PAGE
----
Table 1: Alcohol use in the last 30 days since 2003 among 15-16-year-olds in Ireland

Health-related harms

In Ireland, the Hospital In-Patient Enquiry (HIPE) scheme collects data on discharges (including deaths) from acute Irish hospitals.

All alcohol-related discharges, either wholly attributable (alcohol is a necessary cause for these conditions to manifest) or partially attributable (alcohol must be a component cause), were analysed. The number of people discharged from hospital whose condition was wholly attributable to alcohol rose by 82% between 1995 and 2013, from 9,420 to 17,120. Males accounted for 72% of these discharges and females 28%.

There has also been a steady increase in the average length of stay for hospital discharges associated with alcohol, from 6.0 days in 1995 to 10. days in 2013, which suggests that patients with alcohol-related diagnoses are becoming more complex in terms of their illness. Alcoholic liver disease (ALD) was the most common chronic alcohol disease, accounting for approximately four-fifths of all alcohol-related chronic diseases in 2013. The rate of discharges with ALD increased from 28.3 per 100,000 adults aged 15 years and over in 1995 to 87.7 in 2013, an increase of 210%.

Analysis of data from the National Cancer Registry of Ireland found that between 2001 and 2010, of the 24,995 cases of breast cancer, 3,058 (12.2%) were attributable to alcohol. Of the 6,601 women who died of breast cancer, 695 (10.5%) cases were attributable to alcohol.

The National Registry of Deliberate Self-Harm is a national system of population monitoring for the occurrence of deliberate self-harm, established by the National Suicide Research Foundation. In 2015, Alcohol was involved in just over one third of all cases (31%), a slight decrease from 2014.. Alcohol was more involved in male episodes of self-harm than female episodes (34% versus 29%, respectively).

How many people receive treatment for alcohol us?

The National Drug Treatment Reporting System (NDTRS) provides data on treated drug and alcohol misuse in Ireland. The National Psychiatric Inpatient Reporting System (NPIRS) provides detailed information on all admissions and discharges to inpatient psychiatric services in Ireland.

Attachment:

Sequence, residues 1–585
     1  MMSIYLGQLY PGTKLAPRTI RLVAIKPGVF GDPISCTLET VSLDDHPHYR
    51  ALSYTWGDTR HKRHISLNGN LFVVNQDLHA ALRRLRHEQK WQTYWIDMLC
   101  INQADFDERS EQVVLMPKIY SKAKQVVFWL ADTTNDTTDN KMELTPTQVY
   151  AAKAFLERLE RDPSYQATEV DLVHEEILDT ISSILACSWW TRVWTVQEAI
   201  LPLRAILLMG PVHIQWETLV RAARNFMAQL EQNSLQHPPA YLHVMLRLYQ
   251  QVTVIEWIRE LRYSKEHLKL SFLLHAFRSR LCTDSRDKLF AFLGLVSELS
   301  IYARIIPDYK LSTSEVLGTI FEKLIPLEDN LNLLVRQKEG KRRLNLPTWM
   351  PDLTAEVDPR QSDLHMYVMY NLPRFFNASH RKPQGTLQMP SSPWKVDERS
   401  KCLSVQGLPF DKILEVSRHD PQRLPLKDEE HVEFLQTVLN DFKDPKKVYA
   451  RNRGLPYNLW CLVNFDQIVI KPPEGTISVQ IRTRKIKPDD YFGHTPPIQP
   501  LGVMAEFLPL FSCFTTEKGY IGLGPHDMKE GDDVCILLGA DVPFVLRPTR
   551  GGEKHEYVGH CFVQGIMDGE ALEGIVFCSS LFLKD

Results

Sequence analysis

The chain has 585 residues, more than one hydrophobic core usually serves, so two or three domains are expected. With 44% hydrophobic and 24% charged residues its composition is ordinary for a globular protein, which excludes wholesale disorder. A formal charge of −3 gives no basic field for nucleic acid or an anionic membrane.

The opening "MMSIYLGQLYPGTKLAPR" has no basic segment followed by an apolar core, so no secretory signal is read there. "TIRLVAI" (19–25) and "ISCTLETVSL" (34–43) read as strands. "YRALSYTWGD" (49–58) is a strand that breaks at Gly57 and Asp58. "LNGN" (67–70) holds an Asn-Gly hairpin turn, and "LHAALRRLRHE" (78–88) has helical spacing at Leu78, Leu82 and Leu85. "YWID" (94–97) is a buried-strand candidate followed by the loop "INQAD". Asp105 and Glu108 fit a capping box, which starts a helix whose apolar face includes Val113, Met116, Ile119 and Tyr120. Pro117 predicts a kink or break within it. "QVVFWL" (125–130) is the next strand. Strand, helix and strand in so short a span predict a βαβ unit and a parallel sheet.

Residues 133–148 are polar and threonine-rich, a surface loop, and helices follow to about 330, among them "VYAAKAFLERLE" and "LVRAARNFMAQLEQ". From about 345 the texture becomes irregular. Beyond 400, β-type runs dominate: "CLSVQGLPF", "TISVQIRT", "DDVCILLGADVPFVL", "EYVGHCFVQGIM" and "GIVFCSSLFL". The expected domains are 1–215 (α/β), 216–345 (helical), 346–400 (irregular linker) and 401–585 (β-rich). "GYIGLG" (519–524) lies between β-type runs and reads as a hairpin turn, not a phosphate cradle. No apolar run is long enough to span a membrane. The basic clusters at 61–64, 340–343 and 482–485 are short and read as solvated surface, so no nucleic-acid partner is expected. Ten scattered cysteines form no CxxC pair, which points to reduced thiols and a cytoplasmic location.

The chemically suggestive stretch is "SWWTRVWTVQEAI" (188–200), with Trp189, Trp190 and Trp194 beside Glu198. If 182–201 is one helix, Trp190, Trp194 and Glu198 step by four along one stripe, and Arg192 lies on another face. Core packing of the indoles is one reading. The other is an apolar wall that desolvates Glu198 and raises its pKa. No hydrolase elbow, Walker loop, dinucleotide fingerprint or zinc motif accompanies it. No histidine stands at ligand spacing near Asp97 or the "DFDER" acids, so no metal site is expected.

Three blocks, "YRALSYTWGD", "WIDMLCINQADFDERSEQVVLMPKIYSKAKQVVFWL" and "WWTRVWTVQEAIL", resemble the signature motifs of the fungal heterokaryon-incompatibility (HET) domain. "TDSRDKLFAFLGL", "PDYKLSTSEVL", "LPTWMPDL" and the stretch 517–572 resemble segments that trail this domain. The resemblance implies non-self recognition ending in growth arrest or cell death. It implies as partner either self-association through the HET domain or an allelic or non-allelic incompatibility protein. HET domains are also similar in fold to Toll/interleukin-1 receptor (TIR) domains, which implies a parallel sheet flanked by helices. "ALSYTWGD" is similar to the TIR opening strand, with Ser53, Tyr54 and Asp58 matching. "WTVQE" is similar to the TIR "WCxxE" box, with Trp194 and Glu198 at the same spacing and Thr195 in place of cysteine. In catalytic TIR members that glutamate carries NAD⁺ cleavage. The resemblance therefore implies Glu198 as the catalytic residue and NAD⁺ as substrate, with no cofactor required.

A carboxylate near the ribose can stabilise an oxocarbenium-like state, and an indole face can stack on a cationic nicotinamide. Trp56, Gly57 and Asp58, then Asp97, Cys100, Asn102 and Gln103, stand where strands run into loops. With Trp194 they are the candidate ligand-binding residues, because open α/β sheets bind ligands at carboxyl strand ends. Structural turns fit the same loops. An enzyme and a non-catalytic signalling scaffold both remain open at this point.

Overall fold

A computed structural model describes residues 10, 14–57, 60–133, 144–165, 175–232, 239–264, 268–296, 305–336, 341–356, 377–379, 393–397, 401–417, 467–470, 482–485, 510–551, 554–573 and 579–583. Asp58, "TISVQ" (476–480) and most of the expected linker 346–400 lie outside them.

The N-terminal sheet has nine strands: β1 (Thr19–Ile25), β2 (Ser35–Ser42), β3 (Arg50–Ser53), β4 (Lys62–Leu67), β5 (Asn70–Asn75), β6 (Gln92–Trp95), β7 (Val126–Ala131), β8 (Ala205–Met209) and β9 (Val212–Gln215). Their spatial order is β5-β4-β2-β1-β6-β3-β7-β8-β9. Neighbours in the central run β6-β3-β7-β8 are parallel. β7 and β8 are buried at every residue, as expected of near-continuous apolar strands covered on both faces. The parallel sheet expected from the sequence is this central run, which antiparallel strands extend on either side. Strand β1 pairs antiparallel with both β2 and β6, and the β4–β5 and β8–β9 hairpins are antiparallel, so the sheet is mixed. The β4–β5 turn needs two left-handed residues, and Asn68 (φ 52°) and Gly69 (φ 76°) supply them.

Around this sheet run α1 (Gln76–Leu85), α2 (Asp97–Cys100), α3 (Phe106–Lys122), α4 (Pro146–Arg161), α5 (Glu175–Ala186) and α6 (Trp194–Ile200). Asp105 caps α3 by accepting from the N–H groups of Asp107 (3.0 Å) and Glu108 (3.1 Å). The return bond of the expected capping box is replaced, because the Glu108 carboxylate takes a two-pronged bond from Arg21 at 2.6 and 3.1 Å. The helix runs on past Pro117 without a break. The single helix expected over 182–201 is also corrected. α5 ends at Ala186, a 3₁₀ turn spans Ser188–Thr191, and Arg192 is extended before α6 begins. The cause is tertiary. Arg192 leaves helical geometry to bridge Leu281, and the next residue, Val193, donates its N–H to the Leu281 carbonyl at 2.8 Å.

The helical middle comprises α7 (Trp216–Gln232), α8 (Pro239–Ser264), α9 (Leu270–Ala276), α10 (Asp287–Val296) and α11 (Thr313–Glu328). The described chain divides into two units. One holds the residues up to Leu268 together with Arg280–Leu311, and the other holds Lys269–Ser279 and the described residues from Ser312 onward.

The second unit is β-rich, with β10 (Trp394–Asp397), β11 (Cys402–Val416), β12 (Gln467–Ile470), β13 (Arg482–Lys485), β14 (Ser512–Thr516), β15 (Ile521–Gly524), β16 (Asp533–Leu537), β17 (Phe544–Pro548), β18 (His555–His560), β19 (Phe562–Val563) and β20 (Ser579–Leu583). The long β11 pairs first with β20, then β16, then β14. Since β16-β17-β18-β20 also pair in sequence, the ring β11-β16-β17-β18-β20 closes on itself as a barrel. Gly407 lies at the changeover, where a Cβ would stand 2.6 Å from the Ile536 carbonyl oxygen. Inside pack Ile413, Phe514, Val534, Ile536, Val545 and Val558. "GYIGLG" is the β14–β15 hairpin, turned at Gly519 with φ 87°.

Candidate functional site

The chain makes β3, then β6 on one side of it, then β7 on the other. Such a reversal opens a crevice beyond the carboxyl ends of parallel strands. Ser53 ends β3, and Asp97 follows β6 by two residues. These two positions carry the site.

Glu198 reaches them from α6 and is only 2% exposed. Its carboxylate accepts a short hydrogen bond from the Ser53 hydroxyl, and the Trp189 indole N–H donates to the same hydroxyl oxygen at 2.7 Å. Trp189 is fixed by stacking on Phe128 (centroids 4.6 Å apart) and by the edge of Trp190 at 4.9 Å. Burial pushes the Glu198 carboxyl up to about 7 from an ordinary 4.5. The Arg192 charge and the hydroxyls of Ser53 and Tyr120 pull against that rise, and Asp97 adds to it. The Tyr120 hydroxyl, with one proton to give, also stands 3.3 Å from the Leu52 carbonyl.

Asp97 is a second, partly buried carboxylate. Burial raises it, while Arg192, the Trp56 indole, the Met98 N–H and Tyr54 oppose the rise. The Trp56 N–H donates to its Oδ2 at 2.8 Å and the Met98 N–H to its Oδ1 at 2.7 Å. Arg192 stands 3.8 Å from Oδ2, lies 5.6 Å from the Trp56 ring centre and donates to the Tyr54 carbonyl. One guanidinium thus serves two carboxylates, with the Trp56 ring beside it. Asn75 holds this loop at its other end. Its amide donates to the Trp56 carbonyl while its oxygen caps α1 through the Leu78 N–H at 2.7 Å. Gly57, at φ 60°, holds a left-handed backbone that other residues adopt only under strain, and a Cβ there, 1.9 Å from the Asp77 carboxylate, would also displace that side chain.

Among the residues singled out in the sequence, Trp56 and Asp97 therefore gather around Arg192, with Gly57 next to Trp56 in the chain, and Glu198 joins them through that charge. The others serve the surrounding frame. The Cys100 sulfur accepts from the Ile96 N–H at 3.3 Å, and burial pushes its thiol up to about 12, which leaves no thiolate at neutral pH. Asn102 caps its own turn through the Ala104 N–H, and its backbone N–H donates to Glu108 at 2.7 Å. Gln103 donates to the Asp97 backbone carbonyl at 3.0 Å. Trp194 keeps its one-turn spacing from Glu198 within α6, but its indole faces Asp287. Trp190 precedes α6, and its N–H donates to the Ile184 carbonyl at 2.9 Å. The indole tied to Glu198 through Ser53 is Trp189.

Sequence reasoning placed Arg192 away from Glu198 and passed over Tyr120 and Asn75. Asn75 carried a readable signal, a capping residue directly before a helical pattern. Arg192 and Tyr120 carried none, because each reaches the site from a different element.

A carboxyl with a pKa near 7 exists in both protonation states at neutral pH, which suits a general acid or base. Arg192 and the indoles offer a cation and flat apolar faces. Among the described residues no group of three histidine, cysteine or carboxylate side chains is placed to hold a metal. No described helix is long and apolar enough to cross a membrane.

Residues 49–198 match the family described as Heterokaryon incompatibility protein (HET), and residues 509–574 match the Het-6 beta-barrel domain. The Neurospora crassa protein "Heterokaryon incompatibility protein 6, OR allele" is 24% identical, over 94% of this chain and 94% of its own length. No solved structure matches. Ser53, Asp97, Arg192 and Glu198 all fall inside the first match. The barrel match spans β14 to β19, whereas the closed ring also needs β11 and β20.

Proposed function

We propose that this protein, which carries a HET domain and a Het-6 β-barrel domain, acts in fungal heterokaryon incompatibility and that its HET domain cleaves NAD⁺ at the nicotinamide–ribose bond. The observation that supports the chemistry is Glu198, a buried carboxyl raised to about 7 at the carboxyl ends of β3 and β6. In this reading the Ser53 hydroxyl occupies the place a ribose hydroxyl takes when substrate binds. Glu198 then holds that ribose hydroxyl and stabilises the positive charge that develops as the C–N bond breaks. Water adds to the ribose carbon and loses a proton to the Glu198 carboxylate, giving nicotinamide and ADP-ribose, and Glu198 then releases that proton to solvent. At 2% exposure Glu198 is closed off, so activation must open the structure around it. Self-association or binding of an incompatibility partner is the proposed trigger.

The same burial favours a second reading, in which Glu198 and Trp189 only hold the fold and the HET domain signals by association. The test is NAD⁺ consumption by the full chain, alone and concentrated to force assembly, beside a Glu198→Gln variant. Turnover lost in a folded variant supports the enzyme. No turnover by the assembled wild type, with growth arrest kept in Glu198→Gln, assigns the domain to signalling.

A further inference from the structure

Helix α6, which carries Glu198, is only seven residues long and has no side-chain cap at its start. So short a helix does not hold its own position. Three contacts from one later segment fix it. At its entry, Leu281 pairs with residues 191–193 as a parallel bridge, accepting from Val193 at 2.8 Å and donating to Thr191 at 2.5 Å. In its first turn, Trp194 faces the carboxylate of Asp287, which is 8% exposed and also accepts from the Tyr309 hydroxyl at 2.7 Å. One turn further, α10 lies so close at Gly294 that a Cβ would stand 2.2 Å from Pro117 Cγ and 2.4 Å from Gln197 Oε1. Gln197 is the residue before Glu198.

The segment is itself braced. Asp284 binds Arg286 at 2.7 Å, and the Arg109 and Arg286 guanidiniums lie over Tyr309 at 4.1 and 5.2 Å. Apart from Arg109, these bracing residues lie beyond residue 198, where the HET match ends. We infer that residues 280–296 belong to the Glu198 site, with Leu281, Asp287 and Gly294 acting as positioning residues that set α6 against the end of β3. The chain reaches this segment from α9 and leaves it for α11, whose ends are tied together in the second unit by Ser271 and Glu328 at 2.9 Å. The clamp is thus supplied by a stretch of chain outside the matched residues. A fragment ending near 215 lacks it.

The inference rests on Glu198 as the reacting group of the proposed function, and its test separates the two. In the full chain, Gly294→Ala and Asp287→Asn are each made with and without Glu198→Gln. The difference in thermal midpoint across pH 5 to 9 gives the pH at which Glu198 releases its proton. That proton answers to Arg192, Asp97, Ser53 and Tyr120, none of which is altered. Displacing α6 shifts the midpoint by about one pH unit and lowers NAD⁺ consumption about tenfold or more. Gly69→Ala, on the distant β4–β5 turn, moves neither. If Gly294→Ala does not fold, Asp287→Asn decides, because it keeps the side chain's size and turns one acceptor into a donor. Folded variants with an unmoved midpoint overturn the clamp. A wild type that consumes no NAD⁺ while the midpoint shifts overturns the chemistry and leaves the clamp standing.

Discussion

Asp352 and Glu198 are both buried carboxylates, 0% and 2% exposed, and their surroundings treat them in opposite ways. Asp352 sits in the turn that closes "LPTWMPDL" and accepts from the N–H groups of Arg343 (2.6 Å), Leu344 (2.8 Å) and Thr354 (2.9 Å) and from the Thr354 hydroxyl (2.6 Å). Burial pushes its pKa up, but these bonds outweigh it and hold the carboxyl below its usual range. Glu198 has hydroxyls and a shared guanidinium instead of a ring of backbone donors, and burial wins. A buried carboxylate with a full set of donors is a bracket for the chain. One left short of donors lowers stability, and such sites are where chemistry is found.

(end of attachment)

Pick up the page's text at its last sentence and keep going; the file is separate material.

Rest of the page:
The most recent published data from the NDTRS shows that the number of cases entering treatment who reported alcohol as their main problem drug decreased from 8,604 in 2009 to 7,541 in 2014 (-12%).
Of the 7,451 cases in 2014 who reported alcohol as their main problem drug:

  • 163 (2%) were aged under 18 years; 2,467 (33%) were aged 18–34; 2,035 (27%) were aged 35–44; and 2,542 (33%) were aged 45–64 and 237 were aged over 65 (3.2%).
  • 3,674 (48%) were new cases.
  • 1,688 (22%) lived in Dublin.
  • 4,757 (63%) were men.
  • 1,395 (18%) used alcohol with other drugs.

There has been a considerable decrease in the numbers admitted to psychiatric hospitals for alcohol treatment. The total number of people admitted to psychiatric hospitals with an alcoholic diagnosis decreased by 46.9% between 2006 and 2015, i.e. from 2,767 to 1,188.

How many people die from using alcohol?

The National Drug-Related Deaths Index (NDRDI) is a database which records cases of death by drug and alcohol poisoning, deaths among drug users and those who are alcohol dependent.
Alcohol was involved in 115 deaths (32% of all poisonings) in 2014, more than any other substance. 59% of deaths where alcohol was implicated involved other drugs (poly-drug poisonings), mainly opiates. Alcohol alone was responsible for 13% of all poisoning deaths. The number of deaths involving alcohol has decreased from 140 in 2013 to 115 in 2014.

What impact has alcohol on the Irish economy?

According to the report Overview of alcohol consumption, alcohol-related harm and alcohol policy in Ireland:

  • In 2013, alcohol-related discharges accounted for 160,211 bed days in public hospitals; that is 3.6% of all bed days that year; compared to 56,264 bed days or 1.7% of the total number of bed days in 1995.